UFC Hall of Famer Ken Shamrock meant no disrespect to Jorge Masvidal or Nate Diaz when he criticized the “BMF” title created by the UFC. He couldn’t help himself.
As an MMA pioneer who’d repeatedly fought multiple times in one night with few rules and no gloves, he found the idea of declaring the winner of a fully sanctioned fight a “bad MF,” well, quaint.
“I’m not taking anything from them, because all these guys would whip my butt right now,” Shamrock told MMA Fighting. “All I’m saying is compared to what we had to go through, getting kicked in the face, punched in the back of the head with no gloves, no rules, no time limit, four times in one night, yes, it’s funny.”
Shamrock believes his opinion created a stir with MMA fans because they don’t know what he and others went through in the old days of MMA, and so many defend the heroes they know. Others, meanwhile, are quick to recognize the contributions of the old guard.
Shamrock stresses he doesn’t really bear any grudge toward Masvidal or Diaz. In fact, he’d like to convince “Gamebred” to go bare-knuckle.
As the promoter of a new glove-free startup, Shamrock knows the value of name-dropping a UFC star, protected as he may be by a long-term contract.
“I don’t think we need a belt to tell people there’s a ‘BMF’ – I don’t understand that,” Shamrock said. “Masvidal fought bare-knuckle. He did backyard brawls just like (Kimbo Slice). So I say if that’s the case, why doesn’t he try his hand at Valor? We’d love to find out how bad he is.”
Masvidal, of course, awaits his next UFC booking after a doctor called off his fight with Diaz in the third round due to a cut. UFC President Dana White has promised big things for the breakout welterweight star, all of which involve four-ounce gloves, safety measures, and other things Shamrock considers a watered down version of old-school MMA.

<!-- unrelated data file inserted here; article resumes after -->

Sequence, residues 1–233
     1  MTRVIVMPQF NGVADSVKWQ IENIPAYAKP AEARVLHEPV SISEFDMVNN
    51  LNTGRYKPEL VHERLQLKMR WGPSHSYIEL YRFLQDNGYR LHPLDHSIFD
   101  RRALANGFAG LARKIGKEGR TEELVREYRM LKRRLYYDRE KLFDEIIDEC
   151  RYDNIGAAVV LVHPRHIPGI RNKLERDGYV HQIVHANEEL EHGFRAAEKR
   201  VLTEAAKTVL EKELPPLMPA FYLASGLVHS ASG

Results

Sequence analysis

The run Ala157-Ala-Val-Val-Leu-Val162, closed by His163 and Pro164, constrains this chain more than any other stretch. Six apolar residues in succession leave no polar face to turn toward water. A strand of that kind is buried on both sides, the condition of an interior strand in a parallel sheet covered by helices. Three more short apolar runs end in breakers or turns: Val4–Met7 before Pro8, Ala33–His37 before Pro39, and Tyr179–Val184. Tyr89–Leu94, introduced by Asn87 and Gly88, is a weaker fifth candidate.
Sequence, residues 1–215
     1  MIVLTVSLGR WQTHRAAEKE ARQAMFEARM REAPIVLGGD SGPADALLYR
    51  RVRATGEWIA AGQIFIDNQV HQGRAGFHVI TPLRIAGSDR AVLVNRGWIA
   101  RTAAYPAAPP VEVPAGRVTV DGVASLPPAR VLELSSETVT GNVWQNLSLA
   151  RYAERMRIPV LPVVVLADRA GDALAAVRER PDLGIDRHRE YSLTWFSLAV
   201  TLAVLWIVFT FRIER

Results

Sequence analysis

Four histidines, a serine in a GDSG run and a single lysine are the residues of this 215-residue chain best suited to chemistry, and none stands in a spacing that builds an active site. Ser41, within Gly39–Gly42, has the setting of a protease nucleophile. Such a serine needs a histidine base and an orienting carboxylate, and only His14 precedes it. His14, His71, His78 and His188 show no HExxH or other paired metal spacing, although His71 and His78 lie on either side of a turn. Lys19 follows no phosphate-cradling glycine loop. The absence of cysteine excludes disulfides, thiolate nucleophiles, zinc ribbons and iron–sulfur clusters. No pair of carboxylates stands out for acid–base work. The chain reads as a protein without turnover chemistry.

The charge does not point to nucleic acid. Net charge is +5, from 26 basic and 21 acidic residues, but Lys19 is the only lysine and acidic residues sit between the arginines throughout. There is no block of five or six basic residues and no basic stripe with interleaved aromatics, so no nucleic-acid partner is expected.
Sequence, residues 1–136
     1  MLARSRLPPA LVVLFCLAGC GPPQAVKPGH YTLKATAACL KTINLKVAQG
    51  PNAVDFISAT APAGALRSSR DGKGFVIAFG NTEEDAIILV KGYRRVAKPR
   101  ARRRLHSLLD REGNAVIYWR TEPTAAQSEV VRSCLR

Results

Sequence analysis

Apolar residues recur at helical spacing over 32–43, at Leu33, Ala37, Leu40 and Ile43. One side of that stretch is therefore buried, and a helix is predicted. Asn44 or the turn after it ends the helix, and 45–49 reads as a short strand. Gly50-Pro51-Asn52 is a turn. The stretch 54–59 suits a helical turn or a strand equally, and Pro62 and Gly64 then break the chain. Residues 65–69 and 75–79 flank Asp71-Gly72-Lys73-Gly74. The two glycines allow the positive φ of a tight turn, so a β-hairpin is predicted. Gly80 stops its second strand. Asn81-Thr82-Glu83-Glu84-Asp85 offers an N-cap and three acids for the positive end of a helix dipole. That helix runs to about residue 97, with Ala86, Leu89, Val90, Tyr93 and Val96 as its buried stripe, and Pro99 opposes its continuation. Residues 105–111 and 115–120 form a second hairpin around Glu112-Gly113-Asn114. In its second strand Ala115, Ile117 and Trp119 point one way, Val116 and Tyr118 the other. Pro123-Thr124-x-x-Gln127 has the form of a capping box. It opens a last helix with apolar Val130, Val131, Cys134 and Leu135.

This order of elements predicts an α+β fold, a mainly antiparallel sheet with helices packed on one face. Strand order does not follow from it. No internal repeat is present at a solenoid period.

Shamrock clarifies that bare-knuckle doesn’t necessarily mean the be-all “BMF.” Until training methods evolve and the promotion expand, he said, that title is shared with MMA. What there are, he said, are a lot of fun fights that offer crowd-friendly action.
“I love it,” he said. “It’s my opportunity to bring back what I fell in love with, which is bare-knuckle,” he said.
For an event on Jan. 11 in Florida, Shamrock said the fighters will be even more bare-knuckled when the promotion ditches hand wraps. That will force the fighters to be more selective about the punches they throw, he said, but it will make the action more pure. There are also penalties that await combatants who move backward, as in collegiate wrestling.
In other words, he said, all the obstacles to entertainment are being removed.
As for the safety measures in place to protect the fighters, Shamrock admits he’s in a similar boat as the industry-leading MMA promotion. He disagrees with the doctor’s decision to stop Masvidal vs. Diaz. But it’s the price to pay for promoting BMFs.
“In my opinion, Diaz and Masvidal, you’ve got to let guys fight,” he said. “These guys are both skilled fighters. They have a lot of fights under their belt, and they both know what they’re in for.
“It’s just like with some of my fights that were stopped – it was just ridiculous. Oh yeah, I get it. They want to try and keep people safe. But don’t do that with guys that are veterans. The guys that have been in there a whole long time, you’ve got to give them a lot of leeway.”
There was little but leeway when Shamrock first made his mark in the octagon as a submission-savvy shootfighter. He’d like more fans to remember that when the UFC lays claim to the baddest MFers.